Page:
Validate data with WPF and Entity Framework using DataAnnotations?

.net data-annotations entity-framework validation wpf

Question

Does WPF & Entity Framework's DataAnnotations support validation?

1
35
5/14/2012 3:40:18 PM

Accepted Answer

The DataAnnotations.Validator class is usable, as detailed here:

http://johan.driessen.se/archive/2009/11/18/testing-dataannotation-based-validation-in-asp.net-mvc.aspx

However, you must record that information before you verify if you're using a "buddy" class for the metadata, as shown here:

http://forums.silverlight.net/forums/p/149264/377212.aspx

TypeDescriptor.AddProviderTransparent(
  new AssociatedMetadataTypeTypeDescriptionProvider(typeof(myEntity), 
    typeof(myEntityMetadataClass)), 
  typeof(myEntity));

List<ValidationResult> results = new List<ValidationResult>();
ValidationContext context = new ValidationContext(myEntity, null, null)
bool valid = Validator.TryValidateObject(myEntity, context, results, true);

[Added this in response to Shimmy's remark]

To put the above theory into practice, I created a generic method that any object may use:

// If the class to be validated does not have a separate metadata class, pass
// the same type for both typeparams.
public static bool IsValid<T, U>(this T obj, ref Dictionary<string, string> errors)
{
    //If metadata class type has been passed in that's different from the class to be validated, register the association
    if (typeof(T) != typeof(U))
    {
        TypeDescriptor.AddProviderTransparent(new AssociatedMetadataTypeTypeDescriptionProvider(typeof(T), typeof(U)), typeof(T));
    }

    var validationContext = new ValidationContext(obj, null, null);
    var validationResults = new List<ValidationResult>();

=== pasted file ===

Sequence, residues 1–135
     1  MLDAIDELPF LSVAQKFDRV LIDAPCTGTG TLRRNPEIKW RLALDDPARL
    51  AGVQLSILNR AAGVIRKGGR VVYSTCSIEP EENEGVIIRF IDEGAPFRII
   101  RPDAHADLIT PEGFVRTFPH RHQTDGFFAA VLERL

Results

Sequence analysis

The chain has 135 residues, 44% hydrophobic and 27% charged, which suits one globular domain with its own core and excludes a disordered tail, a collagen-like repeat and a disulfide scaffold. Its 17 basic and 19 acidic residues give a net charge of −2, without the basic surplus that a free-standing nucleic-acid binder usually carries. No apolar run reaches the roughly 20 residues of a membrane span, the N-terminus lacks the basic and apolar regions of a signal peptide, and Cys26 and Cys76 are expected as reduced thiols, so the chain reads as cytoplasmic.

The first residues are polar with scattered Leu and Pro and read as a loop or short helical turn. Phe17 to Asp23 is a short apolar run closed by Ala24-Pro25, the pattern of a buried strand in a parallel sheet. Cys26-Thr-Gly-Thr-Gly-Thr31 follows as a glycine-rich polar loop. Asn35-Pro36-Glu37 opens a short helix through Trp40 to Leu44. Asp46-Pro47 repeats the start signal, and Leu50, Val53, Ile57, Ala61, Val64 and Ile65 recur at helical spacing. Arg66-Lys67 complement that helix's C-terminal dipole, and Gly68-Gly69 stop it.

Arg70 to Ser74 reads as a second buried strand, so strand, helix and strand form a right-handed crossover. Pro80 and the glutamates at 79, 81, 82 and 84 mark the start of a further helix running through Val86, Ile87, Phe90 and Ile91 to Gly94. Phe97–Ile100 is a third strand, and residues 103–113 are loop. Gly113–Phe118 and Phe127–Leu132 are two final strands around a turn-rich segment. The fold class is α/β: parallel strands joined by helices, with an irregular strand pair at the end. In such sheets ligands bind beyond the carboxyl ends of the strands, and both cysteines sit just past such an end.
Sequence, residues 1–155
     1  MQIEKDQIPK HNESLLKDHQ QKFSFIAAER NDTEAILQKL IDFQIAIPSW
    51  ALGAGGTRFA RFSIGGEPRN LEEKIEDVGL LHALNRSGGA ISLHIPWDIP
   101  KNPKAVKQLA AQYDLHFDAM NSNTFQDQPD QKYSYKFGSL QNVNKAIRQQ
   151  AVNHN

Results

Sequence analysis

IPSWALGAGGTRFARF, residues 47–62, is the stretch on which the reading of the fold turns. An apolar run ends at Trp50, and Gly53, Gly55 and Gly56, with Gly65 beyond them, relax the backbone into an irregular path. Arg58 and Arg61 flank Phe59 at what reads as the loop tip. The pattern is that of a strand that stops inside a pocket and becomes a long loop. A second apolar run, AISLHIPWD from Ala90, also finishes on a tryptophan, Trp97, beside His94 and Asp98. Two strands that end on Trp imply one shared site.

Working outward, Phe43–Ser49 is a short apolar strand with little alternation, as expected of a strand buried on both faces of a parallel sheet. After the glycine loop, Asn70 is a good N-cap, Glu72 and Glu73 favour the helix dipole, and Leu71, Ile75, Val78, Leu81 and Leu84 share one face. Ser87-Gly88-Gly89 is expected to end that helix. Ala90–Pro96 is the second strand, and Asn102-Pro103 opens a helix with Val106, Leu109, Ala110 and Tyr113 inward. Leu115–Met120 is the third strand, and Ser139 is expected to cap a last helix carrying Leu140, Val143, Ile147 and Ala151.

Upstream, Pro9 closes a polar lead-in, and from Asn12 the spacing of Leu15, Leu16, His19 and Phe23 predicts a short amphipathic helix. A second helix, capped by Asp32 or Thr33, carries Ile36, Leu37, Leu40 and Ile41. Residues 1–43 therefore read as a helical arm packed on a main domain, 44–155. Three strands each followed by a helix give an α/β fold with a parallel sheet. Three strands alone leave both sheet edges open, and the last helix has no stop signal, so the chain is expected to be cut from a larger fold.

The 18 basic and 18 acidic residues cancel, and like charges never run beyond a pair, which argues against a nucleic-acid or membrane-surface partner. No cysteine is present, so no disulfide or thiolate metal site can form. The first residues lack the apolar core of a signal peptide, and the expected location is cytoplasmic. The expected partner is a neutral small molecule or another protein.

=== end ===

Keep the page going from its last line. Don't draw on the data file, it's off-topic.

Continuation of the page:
Validator.TryValidateObject(obj, validationContext, validationResults, true);

    if (validationResults.Count > 0 && errors == null)
        errors = new Dictionary<string, string>(validationResults.Count);

    foreach (var validationResult in validationResults)
    {
        errors.Add(validationResult.MemberNames.First(), validationResult.ErrorMessage);
    }

    if (validationResults.Count > 0)
        return false;
    else
        return true;
}

I add a call to this function in each object that has to be validated:

[MetadataType(typeof(Employee.Metadata))]
public partial class Employee
{
    private sealed class Metadata
    {
        [DisplayName("Email")]
        [Email(ErrorMessage = "Please enter a valid email address.")]
        public string EmailAddress { get; set; }
    }

    public bool IsValid(ref Dictionary<string, string> errors)
    {
        return this.IsValid<Employee, Metadata>(ref errors);
        //If the Employee class didn't have a buddy class,
        //I'd just pass Employee twice:
        //return this.IsValid<Employee, Employee>(ref errors);
    }
}
46
2/28/2011 2:17:41 AM

Popular Answer

What Craig's response, in my opinion, leaves out is how to really check for validation issues. For individuals who wish to perform a validation check at a different layer than presentation, Steve Sanderson created DataAnnotation validation runner (the code is in an example project):

public static IEnumerable<ErrorInfo> GetErrors(object instance)
{
    var metadataAttrib = instance.GetType().GetCustomAttributes
        (typeof(MetadataTypeAttribute), true).
            OfType<MetadataTypeAttribute>().FirstOrDefault();
    var buddyClassOrModelClass = 
        metadataAttrib != null ? 
        metadataAttrib.MetadataClassType : 
        instance.GetType();
    var buddyClassProperties = TypeDescriptor.GetProperties
        (buddyClassOrModelClass).Cast<PropertyDescriptor>();
    var modelClassProperties = TypeDescriptor.GetProperties
        (instance.GetType()).Cast<PropertyDescriptor>();

    return from buddyProp in buddyClassProperties
           join modelProp in modelClassProperties
               on buddyProp.Name equals modelProp.Name
           from attribute in buddyProp.Attributes.
               OfType<ValidationAttribute>()
           where !attribute.IsValid(modelProp.GetValue(instance))
           select new ErrorInfo(buddyProp.Name, 
               attribute.FormatErrorMessage(string.Empty), instance);
}

Although I'm not experienced with WPF, you may be able to utilize it. I'm not sure whether there is an immediate answer to your query.

Additionally, some comments on his blog claim that sometimes the validation rule evaluation does not go as intended, but this has never been the case for me.



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